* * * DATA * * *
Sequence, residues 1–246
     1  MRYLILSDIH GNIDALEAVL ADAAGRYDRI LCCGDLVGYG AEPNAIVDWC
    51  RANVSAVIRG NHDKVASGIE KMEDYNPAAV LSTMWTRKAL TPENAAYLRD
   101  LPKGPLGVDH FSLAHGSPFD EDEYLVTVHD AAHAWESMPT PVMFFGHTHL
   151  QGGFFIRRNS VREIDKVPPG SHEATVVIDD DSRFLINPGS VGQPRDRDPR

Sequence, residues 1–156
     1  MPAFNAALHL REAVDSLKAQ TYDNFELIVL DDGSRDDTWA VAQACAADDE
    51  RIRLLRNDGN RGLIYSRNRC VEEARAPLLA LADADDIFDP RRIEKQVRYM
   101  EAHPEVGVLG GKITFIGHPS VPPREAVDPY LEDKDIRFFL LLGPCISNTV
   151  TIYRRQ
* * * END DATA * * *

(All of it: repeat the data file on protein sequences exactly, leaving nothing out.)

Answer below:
Sequence, residues 1–246
     1  MRYLILSDIH GNIDALEAVL ADAAGRYDRI LCCGDLVGYG AEPNAIVDWC
    51  RANVSAVIRG NHDKVASGIE KMEDYNPAAV LSTMWTRKAL TPENAAYLRD
   101  LPKGPLGVDH FSLAHGSPFD EDEYLVTVHD AAHAWESMPT PVMFFGHTHL
   151  QGGFFIRRNS VREIDKVPPG SHEATVVIDD DSRFLINPGS VGQPRDRDPR

Sequence, residues 1–156
     1  MPAFNAALHL REAVDSLKAQ TYDNFELIVL DDGSRDDTWA VAQACAADDE
    51  RIRLLRNDGN RGLIYSRNRC VEEARAPLLA LADADDIFDP RRIEKQVRYM
   101  EAHPEVGVLG GKITFIGHPS VPPREAVDPY LEDKDIRFFL LLGPCISNTV
   151  TIYRRQ